Sāmagāma. A Sākiyan village where the Sāmagāma Sutta (below) was preached (M.ii.243). There was a lotus pond in the village (A.iii.309).
The Vedhaññā probably lived there, because, according to the Pāsādika Sutta (D.iii.117), the Buddha was in the mango grove of the Vedhañña Sākiyans when the news, as given in the Sāmagāma Sutta, of Nigantha Nātaputta’s death, was brought to him.
According to Buddhaghosa (MA.ii.829) the village was called Sāmagāma, Sāmakānam ussanattā.
1. Sāmagāma Sutta. While the Buddha is at Sāmagāma, news is brought to Ananda by Cunda Samanuddesa of the death of Nigantha Nātaputta at Pāvā, and of the division of his followers into two factions engaged in fighting each other. Amanda gives the news to the Buddha, who asks if there be any difference of opinion among monks regarding the Buddha's teaching. "No," answers Ananda, but adds that such differences may arise after the Buddha's death. The Buddha says that quarrels regarding rigours of regimen or of the Vinaya are of little concern. It is quarrels regarding the Path or the course of training that are really important. He then explains the six causes from which disputes grow, the four adjudications (adhikarana) regarding disputes, and the seven settlements of adjudication - by giving a summary verdict in the presence of the parties, a verdict of innocence, of past insanity; confession may be admitted; a chapter's decision may be taken; there is also specific wickedness and there is covering up. Then there are six things which lead to conciliations: acts of love, words of love, sharing equally whatever gifts one receives, strict practice of virtue without flaw or blemish, and the holding of noble views which make for salvation (M.ii.243 51; cf. the Pāsadika Sutta).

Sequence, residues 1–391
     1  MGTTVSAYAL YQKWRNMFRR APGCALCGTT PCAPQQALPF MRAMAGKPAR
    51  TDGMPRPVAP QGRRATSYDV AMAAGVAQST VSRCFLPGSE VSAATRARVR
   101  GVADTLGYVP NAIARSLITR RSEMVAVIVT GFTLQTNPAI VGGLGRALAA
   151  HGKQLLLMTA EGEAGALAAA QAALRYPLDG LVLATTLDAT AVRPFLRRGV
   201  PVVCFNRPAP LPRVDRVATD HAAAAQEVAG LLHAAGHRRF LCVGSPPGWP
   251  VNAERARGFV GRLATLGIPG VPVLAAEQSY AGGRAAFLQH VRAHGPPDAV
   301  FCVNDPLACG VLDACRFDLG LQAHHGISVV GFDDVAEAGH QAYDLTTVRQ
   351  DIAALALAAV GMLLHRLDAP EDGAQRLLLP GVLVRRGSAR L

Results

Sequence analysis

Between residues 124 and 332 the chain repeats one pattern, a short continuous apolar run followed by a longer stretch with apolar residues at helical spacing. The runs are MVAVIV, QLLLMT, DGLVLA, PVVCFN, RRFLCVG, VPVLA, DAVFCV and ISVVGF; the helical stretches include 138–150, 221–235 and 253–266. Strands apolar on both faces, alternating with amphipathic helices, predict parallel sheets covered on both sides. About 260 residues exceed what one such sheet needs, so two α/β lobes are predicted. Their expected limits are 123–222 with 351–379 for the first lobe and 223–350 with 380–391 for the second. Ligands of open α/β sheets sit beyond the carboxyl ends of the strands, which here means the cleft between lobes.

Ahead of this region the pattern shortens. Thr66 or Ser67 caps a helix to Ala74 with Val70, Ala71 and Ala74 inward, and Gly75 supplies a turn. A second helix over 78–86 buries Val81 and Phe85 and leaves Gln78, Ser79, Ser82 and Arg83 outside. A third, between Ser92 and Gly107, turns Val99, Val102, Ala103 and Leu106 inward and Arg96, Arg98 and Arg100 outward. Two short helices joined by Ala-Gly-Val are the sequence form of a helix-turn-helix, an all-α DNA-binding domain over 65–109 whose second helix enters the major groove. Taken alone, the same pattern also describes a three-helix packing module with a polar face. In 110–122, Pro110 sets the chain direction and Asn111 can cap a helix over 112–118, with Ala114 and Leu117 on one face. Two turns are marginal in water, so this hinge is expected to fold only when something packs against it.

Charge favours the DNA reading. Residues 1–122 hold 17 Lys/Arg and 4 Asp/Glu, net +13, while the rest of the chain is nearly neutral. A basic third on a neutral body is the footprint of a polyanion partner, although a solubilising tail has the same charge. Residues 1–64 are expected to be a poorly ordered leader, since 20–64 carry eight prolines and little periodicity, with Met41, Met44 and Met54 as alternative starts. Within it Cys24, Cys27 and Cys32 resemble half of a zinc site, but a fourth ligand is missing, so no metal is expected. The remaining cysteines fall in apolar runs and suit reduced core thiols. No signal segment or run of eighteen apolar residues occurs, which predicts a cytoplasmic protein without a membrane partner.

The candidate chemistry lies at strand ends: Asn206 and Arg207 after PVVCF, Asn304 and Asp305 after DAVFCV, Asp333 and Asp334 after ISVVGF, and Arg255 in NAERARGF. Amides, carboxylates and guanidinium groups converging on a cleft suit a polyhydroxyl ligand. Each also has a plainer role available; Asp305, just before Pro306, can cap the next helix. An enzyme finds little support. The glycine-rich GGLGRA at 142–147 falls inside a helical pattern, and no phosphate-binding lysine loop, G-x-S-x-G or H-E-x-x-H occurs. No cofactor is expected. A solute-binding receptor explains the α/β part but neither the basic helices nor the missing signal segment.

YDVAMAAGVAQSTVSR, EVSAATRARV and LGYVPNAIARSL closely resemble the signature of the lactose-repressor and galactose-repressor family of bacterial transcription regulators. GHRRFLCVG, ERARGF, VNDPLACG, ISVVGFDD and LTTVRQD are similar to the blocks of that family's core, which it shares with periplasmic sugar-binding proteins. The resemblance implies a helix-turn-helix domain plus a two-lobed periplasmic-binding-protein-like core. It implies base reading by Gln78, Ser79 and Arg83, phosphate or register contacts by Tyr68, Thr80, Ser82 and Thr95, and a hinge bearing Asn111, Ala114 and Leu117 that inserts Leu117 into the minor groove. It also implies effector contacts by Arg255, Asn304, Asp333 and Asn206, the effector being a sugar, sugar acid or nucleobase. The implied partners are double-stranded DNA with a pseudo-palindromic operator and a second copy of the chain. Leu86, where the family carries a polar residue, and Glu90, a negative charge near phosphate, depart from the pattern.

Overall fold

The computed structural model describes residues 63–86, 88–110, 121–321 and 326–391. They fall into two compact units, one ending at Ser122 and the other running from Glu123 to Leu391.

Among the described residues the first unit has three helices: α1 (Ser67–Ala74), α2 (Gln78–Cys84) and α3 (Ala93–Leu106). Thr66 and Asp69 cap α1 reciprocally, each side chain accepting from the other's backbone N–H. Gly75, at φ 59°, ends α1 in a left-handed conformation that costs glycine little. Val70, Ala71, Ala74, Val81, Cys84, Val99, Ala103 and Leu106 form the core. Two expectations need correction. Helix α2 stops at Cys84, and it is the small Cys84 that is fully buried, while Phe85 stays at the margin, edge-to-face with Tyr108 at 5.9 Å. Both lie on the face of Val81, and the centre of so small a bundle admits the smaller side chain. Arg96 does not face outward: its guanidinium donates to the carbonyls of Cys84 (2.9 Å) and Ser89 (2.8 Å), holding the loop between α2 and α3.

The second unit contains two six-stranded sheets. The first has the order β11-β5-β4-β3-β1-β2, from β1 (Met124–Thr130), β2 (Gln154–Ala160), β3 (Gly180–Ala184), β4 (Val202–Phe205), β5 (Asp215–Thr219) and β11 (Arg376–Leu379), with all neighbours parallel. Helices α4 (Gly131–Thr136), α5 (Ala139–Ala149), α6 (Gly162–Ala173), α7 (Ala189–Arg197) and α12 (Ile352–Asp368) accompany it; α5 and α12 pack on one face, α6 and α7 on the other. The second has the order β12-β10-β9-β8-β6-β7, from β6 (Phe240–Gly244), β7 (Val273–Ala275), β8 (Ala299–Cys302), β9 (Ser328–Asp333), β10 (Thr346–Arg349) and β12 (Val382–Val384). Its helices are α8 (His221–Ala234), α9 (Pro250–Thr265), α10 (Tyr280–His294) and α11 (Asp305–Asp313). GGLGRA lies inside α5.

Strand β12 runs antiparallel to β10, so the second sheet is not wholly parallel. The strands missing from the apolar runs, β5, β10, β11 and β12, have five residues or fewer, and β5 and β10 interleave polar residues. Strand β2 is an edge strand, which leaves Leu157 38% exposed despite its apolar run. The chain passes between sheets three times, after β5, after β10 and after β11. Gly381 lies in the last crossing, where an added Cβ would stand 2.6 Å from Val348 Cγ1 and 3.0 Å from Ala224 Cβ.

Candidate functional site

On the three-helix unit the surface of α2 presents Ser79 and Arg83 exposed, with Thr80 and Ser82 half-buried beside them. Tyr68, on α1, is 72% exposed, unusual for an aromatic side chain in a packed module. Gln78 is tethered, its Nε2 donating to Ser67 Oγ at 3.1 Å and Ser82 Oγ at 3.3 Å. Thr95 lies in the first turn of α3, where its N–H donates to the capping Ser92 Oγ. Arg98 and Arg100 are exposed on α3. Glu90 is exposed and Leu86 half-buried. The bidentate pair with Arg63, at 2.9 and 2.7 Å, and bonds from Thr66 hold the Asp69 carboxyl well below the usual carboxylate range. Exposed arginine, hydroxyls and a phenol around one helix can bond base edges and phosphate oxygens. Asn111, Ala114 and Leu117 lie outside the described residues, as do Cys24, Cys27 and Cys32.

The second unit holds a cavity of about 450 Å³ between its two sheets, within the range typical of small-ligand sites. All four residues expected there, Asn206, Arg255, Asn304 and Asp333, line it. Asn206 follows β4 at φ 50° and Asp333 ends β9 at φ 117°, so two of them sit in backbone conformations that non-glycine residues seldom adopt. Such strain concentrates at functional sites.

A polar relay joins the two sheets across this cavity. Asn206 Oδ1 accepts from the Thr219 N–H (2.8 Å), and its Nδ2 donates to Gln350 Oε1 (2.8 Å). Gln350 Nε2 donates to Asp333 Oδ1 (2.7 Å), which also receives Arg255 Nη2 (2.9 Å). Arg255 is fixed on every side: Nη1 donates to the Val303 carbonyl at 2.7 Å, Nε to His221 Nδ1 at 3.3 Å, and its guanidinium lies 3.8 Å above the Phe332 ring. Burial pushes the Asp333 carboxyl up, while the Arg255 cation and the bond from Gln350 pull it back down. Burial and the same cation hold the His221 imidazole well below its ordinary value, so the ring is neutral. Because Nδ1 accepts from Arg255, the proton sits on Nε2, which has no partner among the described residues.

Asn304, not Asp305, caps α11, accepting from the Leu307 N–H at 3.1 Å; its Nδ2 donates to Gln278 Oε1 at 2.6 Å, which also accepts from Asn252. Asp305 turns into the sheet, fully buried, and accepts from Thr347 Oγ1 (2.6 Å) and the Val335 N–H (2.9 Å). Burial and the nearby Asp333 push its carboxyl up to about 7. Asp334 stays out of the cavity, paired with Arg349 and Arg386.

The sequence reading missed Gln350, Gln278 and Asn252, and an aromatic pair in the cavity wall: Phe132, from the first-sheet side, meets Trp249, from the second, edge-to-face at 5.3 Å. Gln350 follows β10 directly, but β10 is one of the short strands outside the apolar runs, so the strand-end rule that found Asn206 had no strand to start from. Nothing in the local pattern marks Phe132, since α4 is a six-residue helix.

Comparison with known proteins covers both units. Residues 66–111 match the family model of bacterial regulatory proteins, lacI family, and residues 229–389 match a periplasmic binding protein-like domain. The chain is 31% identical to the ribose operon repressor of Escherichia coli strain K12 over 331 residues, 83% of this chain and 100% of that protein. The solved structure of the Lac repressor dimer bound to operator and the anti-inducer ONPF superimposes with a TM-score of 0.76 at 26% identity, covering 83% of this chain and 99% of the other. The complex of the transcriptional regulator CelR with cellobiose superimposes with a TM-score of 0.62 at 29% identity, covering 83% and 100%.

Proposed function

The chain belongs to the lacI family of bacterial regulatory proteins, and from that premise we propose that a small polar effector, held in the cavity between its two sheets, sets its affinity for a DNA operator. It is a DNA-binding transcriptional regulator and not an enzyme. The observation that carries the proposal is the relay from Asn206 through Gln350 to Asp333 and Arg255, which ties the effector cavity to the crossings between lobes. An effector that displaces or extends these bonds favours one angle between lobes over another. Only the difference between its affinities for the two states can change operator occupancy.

Buddhaghosa adds (MA.ii.840) that, while in the Kosambiya Sutta the Sotāpattimagga is called sammāditthi, in this sutta, Sotāpattiphala itself is so called.
2 Sāmagāma Sutta. The Buddha was once staying near the lotus pond at Sāmagāma and late at night is visited by a deva. After saluting the Buddha, he states that there are three things which lead to a monk's failure:
So saying, he departs. The next day the Buddha relates to the monks the Deva's statement and adds three other things which lead to failure: